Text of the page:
From Iceland — Immigrants Often Charged Money For Jobs

Immigrants Often Charged Money For Jobs

Published October 25, 2013

It has come to light that Polish immigrants are often charged money by “middle men” in order to get work in Iceland.
As reported, a letter sent to the news site Bæjarins Bestu and the Ísafjörður police, signed by 20 Polish workers, accused the foreman of a fish factory in Bolungarvík of charging them each 1,000 Euros for working there.
RÚV reports that this practice might be more common than previously believed.
Anna Wojtynska, a graduate student of anthropology at the University of Iceland, told reporters, “It’s difficult to say that this is completely ethical, but it does happen amongst Poles and other immigrants.”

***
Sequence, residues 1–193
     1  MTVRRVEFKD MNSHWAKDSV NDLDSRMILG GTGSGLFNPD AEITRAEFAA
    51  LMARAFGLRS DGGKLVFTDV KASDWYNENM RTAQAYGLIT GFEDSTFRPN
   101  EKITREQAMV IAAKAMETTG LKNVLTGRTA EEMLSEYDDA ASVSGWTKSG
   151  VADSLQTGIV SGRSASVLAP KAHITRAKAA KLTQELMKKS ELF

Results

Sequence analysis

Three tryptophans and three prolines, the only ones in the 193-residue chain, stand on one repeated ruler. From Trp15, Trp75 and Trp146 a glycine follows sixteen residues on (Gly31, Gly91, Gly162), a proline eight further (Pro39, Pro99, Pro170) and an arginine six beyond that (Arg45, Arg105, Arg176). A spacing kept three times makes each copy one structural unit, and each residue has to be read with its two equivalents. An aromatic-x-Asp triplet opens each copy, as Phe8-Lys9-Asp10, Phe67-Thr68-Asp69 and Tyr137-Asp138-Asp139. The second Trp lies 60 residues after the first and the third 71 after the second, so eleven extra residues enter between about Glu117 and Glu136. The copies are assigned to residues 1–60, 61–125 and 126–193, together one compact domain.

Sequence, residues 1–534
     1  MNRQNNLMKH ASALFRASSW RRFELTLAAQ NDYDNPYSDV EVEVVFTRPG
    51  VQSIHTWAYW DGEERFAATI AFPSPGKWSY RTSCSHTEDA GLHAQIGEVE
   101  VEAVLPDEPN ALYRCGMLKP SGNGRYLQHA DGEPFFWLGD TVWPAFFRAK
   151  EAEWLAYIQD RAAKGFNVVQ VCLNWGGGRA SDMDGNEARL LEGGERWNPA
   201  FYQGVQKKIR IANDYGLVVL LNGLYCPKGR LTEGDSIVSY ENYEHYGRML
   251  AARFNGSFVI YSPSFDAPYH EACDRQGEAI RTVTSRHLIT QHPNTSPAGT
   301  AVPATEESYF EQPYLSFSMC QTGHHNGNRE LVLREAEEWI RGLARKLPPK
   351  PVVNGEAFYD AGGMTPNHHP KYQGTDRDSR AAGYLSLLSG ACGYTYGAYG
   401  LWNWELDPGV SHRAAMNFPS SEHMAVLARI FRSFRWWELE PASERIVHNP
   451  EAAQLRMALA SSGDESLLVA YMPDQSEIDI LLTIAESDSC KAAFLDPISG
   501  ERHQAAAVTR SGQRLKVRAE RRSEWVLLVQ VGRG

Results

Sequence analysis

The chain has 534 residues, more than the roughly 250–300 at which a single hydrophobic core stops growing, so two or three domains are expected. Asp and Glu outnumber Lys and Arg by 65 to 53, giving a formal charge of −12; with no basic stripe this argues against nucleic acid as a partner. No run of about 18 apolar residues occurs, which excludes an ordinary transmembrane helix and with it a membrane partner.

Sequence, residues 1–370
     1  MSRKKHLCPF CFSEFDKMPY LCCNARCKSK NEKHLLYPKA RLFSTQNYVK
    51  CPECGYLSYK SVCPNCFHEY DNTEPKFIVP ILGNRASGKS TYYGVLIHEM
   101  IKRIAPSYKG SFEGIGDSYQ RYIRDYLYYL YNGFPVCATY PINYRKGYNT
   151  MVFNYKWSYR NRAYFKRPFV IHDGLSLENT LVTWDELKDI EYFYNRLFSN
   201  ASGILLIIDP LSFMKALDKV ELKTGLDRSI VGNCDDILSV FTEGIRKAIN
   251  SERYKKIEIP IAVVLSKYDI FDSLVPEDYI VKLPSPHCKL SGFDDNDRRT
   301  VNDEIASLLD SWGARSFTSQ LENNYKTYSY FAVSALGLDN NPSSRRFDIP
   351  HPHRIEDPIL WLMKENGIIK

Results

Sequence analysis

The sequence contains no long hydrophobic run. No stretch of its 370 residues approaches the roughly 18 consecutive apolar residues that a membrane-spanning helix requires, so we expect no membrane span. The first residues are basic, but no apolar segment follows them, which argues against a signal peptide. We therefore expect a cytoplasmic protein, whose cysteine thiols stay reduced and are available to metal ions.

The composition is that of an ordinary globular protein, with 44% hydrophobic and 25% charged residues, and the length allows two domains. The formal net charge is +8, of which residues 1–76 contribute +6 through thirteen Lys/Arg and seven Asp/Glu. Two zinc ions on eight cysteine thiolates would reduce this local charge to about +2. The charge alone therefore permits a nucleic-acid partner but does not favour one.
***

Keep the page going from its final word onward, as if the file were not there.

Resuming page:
In fact, research done a few years ago by Kári Gylfason showed that “charging commissions [for finding jobs] appears to be rather common, and it is probable that most of those who have immigrated here had to pay a middle man. Some of these middle men profited from the lack of knowledge and language difficulties of immigrants, and saw it as beneficial to keep them isolated.”
Anna believes there are solutions. She recommends, for example, that employers advertising available jobs include a notice that there are no middle men on their staff. The more information available to workers, she says, the less likely it becomes that middle men take advantage of immigrant labour.

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